An Angry Letter I wrote David Macfarlane in November of 2002
Dear Mr. David MacFarlane,
Okay, first of all, I am well aware that this angry tirade you are about to read - or possibly delete without reading - is a little "after the fact". It relates to a column you wrote maybe two or three weeks ago. I'm not entirely sure what it was about. The Rolling Stones or something.
Ah! You remember the column, now, don't you? Anyway, you are probably wondering what it is that you wrote that could illicit anger from a Reader two (possibly three!) weeks after it was published. Well, I will tell you. Please stop multitasking immediately and pay attention.
You may think that it was one of your unneccessary references to whatever book you are currently reading or the opera you last attended, which make some Readers stop reading, roll their eyes, and say to their breakfast companion(s), "Ooh, Mr. David MacFancyPants went to the opera again with his wife! La-dee-dah!" But, no, it was not that.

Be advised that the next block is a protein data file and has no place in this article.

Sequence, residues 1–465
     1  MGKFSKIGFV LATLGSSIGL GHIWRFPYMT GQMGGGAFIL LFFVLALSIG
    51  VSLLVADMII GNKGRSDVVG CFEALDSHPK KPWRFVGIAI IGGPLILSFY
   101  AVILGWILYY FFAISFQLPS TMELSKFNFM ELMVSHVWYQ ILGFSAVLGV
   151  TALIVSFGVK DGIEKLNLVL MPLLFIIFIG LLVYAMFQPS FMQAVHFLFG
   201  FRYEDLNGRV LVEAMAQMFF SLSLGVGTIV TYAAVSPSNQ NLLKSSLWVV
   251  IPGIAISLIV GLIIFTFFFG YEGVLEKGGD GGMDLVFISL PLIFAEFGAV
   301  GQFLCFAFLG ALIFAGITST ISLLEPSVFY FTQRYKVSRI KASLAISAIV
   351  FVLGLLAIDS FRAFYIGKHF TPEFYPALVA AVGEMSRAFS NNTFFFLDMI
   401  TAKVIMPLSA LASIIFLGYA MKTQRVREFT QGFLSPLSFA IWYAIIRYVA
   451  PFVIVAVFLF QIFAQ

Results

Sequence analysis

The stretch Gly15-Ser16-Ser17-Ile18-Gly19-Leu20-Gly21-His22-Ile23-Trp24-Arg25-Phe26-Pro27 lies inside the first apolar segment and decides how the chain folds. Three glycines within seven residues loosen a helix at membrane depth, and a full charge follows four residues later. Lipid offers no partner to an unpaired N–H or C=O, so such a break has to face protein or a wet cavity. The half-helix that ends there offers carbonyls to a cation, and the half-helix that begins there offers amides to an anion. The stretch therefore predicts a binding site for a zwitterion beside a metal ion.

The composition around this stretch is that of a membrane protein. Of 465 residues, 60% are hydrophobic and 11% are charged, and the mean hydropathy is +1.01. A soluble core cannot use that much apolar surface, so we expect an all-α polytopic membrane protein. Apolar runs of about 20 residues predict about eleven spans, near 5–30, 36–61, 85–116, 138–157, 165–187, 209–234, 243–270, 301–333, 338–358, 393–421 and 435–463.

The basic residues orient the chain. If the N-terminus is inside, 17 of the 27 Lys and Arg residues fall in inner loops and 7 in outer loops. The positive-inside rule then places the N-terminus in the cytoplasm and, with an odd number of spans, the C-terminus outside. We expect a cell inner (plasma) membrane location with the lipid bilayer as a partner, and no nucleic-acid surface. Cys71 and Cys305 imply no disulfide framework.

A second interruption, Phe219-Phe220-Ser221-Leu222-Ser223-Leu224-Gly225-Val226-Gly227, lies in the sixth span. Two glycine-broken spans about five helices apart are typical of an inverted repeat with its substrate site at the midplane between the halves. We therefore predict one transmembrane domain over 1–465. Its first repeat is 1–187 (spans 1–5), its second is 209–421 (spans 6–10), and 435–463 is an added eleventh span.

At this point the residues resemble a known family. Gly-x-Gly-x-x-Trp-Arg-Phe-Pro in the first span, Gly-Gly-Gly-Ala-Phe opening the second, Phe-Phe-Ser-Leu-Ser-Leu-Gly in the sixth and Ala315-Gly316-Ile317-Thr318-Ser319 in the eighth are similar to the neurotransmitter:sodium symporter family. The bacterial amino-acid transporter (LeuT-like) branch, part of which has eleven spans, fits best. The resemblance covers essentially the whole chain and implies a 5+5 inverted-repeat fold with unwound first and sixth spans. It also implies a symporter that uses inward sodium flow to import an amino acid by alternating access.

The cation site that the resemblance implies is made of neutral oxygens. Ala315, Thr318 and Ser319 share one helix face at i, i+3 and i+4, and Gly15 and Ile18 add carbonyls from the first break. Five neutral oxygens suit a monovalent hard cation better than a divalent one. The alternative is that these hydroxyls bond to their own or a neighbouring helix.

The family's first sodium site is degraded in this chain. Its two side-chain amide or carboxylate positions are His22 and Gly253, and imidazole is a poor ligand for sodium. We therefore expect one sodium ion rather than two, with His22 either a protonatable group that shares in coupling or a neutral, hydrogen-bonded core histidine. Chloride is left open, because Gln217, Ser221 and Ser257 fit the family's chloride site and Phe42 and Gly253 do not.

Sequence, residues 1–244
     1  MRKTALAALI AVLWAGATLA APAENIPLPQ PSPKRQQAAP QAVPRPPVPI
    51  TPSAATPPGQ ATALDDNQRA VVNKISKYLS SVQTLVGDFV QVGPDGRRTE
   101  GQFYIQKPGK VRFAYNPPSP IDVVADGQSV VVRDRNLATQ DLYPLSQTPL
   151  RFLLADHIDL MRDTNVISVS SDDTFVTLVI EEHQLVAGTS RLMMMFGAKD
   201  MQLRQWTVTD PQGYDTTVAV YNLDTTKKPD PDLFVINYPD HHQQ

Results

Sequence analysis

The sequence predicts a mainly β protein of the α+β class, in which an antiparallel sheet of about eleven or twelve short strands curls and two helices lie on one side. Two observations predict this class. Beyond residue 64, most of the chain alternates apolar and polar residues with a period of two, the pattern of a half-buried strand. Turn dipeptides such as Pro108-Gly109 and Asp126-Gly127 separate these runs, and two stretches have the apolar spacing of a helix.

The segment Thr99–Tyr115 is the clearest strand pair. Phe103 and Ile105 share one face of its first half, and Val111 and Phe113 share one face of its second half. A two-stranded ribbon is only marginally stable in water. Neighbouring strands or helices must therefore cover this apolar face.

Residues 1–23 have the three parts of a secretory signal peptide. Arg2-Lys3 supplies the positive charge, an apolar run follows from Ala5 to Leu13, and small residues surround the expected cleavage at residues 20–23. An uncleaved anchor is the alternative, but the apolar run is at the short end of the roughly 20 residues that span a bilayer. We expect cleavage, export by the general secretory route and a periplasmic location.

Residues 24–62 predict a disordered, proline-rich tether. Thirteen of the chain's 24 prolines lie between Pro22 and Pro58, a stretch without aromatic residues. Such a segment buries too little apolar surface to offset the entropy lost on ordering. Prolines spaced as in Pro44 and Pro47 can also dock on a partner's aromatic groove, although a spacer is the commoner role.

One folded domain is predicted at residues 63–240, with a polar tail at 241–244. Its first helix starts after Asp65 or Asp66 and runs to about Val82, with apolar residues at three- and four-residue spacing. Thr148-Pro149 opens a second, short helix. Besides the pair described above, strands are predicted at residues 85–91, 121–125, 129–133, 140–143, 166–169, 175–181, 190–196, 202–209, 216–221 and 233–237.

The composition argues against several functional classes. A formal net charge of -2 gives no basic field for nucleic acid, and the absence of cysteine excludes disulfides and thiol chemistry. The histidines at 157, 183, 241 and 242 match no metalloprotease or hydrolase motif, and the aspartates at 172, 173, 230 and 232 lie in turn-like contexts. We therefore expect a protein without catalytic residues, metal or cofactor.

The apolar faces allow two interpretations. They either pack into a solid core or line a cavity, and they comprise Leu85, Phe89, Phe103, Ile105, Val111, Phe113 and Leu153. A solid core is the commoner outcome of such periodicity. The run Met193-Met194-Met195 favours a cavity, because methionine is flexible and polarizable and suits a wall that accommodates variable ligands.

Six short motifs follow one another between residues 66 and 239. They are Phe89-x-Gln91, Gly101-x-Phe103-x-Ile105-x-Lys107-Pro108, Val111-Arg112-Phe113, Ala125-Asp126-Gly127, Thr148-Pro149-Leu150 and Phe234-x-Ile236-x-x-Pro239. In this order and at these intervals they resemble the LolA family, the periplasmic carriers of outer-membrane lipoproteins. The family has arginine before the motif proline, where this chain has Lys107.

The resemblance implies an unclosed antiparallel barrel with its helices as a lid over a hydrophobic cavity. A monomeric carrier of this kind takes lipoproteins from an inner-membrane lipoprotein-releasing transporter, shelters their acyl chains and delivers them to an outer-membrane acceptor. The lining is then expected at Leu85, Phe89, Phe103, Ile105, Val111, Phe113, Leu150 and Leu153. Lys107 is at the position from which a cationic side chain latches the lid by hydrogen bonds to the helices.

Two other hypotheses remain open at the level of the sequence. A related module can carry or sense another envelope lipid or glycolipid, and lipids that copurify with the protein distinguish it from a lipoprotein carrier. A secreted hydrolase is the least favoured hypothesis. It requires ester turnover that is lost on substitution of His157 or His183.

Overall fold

You may think it was your penchant for not getting to the damn point until halfway through your column that enraged me. You are incorrect in thinking that. (Though for that particular vice of yours, I feel that turnabout is fair play.)
You may even think that I am angry at you for making me picture you having sex with a) your wife while cold-stricken; or b) that Magazines column woman (Crosbie?). No, no, no, Mr. MacFarlane. This is not why I am angry with you.
Pause for emphasis.
I am upset with you because of that pithy little remark you made about only having two or three readers between the ages 18-30 and that they had stopped reading at that point because you were writing about the Rolling Stones. I can't remember exactly how many young readers you said you thought you had, but it was a low figure, anyway.
Okay, buster. I am 21 years old, male (despite my feminine-sounding name; it's Irish), and, yes, a reader of your column. Heck, I'm a regular reader of your column. And I'd like to believe that there are more like me.